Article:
PDF

Don't Forgive Me


by Darryl Price


 

 

of anything if that's the way you feel love must go off its last nut before the big crash. But watch out for

thorn bushes that grow from forgotten holes in the ground. You will be

seen as the coming to life new spring devil beneath

the see-through fabric of a cold cold winter. This might even fascinate

some. There's always a taker. So, good luck there. Personally

I never wanted to see you grow permanent horns

 

for me. That's such a boring waste of good fresh breath. Everyone's got

a set by the way, but they don't always harden into forever

unless you miss the time to retract all claws or go salt. Even

then I suppose it's not too bad, because you won't be the

only one being invented wearing a concrete and readymade,

defensive-mode-like helmet of nothing but bone. I mean look at all those leftover dinosaur marbles rolling across the museum floors like last century's unwanted dimes!

 

Never wanted to join a single group of slow plodders

myself. That appears to be such a sad emotional suicide just

waiting to happen, like being eaten alive from the inside out,

of a lonely crowded room shoved around by unseen forces—not my scene, man, not into

it. I've been down long before this but that's no reason to give up on

the fun ghost stuff now. That time will come of its own volition.




Bonus poems:



The Rocks


by Darryl Price


Not sure I remember what's important, but I remember you. 
That's the whole problem I think. You're a drain where 
all my words end up ending up. All of them 
get lost inside you. Eventually. And I'm left with nothing 
to say. Because all my words are gone like toothpaste. 
The few I've got left only seem to repeat themselves 
in pathetic smears. But they'll have to do. Not sure
I can remember anything important, but I say your name
in my sleep. It's all become a boring animal ritual. 
I can admit to that. I remember you used to

wear this yellow teeshirt all the time like it defined
something impossible about you and your motion inside dark jeans.
It drove me mad with desire. And that made you 
laugh. Which drove me over a cliff, into an ocean, 
and left me clinging to slippery rocks for dear life.
So not sure I remember one important thing about anything
if you want to know the truth. But I know 
the song that made you sit still and look at
things like they were puzzles you were putting together in
your head with a little seductive dance. How else am 

I going to describe the sadness back to you now? 
When you're not even listening. And my readers are expecting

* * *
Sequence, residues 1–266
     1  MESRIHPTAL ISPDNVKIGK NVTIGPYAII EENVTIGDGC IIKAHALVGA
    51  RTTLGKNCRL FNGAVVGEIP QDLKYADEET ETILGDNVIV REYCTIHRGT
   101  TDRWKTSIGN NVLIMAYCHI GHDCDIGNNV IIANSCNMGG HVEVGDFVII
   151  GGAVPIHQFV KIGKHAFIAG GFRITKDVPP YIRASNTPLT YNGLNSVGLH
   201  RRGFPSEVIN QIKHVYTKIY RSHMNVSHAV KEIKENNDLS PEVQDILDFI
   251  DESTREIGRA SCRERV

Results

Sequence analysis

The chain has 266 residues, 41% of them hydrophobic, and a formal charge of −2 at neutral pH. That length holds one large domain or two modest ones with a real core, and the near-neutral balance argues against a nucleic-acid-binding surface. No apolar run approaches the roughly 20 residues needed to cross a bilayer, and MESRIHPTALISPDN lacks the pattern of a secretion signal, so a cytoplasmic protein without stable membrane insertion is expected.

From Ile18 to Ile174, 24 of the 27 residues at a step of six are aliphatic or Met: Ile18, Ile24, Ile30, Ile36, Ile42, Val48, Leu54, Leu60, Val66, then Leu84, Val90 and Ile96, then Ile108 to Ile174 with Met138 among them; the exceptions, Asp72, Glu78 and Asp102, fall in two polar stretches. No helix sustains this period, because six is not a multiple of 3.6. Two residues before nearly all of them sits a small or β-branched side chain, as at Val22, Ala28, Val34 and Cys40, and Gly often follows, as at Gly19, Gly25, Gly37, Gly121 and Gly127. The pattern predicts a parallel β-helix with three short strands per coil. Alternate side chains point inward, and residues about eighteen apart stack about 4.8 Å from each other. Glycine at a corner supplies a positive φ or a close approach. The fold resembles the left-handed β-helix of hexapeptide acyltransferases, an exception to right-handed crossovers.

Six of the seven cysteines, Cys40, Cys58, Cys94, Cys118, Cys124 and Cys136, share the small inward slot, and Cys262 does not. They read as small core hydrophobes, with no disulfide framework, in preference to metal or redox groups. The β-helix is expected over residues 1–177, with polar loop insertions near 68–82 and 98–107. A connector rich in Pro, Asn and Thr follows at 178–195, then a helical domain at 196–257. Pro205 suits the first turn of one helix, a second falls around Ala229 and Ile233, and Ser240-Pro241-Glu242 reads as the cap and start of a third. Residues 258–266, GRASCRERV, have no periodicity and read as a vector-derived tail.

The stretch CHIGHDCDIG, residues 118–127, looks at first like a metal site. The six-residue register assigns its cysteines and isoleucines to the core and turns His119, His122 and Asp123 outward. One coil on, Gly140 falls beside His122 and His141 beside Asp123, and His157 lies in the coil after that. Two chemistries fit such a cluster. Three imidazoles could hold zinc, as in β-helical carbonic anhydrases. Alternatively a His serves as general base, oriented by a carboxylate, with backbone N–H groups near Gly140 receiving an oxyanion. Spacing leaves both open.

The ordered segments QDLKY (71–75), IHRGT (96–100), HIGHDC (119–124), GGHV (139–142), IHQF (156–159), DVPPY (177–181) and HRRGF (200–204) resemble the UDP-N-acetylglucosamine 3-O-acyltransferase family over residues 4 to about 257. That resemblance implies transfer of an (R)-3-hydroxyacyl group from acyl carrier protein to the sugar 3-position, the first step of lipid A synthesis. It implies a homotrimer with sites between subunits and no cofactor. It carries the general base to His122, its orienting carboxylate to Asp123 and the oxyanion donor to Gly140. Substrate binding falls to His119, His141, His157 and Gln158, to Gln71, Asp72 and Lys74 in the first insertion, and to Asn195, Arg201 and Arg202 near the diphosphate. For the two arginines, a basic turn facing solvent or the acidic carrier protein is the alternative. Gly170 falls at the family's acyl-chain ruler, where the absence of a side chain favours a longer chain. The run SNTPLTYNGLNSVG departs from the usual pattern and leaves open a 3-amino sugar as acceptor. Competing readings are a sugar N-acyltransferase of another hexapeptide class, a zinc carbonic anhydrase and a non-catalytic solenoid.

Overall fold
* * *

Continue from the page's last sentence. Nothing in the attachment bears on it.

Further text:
me to swing this crazy thing around and show them 
the secret room inside of themselves. But a broken heart 
can only make cubist desk paintings out of its overly 
hoarded toy stuffs and hope for the best. I can't 
remember what's important to me any more. It was so 
clear to me just yesterday. Oh. Open my eyes. Let 
me see a way. Let me swim before I drown. 
Let me swim before I wash away. I remember you 

as important but I can't seem to remember why. The 
words won't tell me. I'm not sure they think we 
deserve to know the reason. Or they just might be 
trying to protect us from the tilting sun. Oh. It's 
too late for that. Oh, open my head. Let me 
see before I go completely blind from all the salt in my  
own eyes. Running down my face. For all of us 
who are left let my words fight for air. For 
all of us here let my words continue to look 
for fair meaning. And kiss you goodbye. For all the 

lonely floating pieces let my wrecked words shine through the 
slumber of time and ruin. Night and day. Open the 
curtains. I remember you. You were the question I guess
I needed to hear from this life. Thank you for 
asking me. It was a beautiful way to say hello 
and a hard way to say goodbye as the next 
question on the horizon became more solitary in its insistence
on authenticity. Maybe what was so important doesn't matter. But
it remains with me. And I wouldn't want you to 
think of it in any other way than real love. 



Bonus poems:



Goodbye Bees by Darryl Price

Try to understand. There were dragons. Some were friendly, but
they were real dragons. You didn't want to end up 
standing on the wrong side of a belch. Try to 
understand. The barefoot woman standing in the grass just outside
her garden gate was perfect for the sun, perfect for 
any wind. Her hair was like a flag calling you 
to enlist your heart into something more noble. Like a
grand slam to the side of the head. Bees barely 
noticed. Birds typed the words you felt, above her head,
high in the clouds, with their sing-song beaks on full 

tattletale throttle. Try to understand. We were boys. We had
never thought more deeply about what we were doing than 
the invitation. Only the adventure itself ever took us farther 
away. Down the stairs. Down the road. Suddenly we were 
holding on for dear life. Trying to understand frustration. This 
was something new. And hurt in ways no gun could 
ever hope to protect us from. Bees elbowed their way 
past our frozen stampede like we were made of daisy 
chains.Try to understand. We were watching paintings come to 
life.Try. We were lovers. Our hands and faces were
 
for us, only for each to see. Bees buzzed around 
everyone's heads. The barefoot woman moved into a beautiful house 
and stayed behind its white picket windows forever. We were 
young dreamers breathing together.You blew my mind. Is this 
the place we made a secret plan to always appreciate 
the bees? The heart breaks. It's a crime. No one 
claims to have seen anything. The heart breaks. No one 
understands. No one comes. Our hands. Our faces. Our bees.
I got on my tiger. What else was I going 
to do? Now he is my only friend. Good company.


Endcap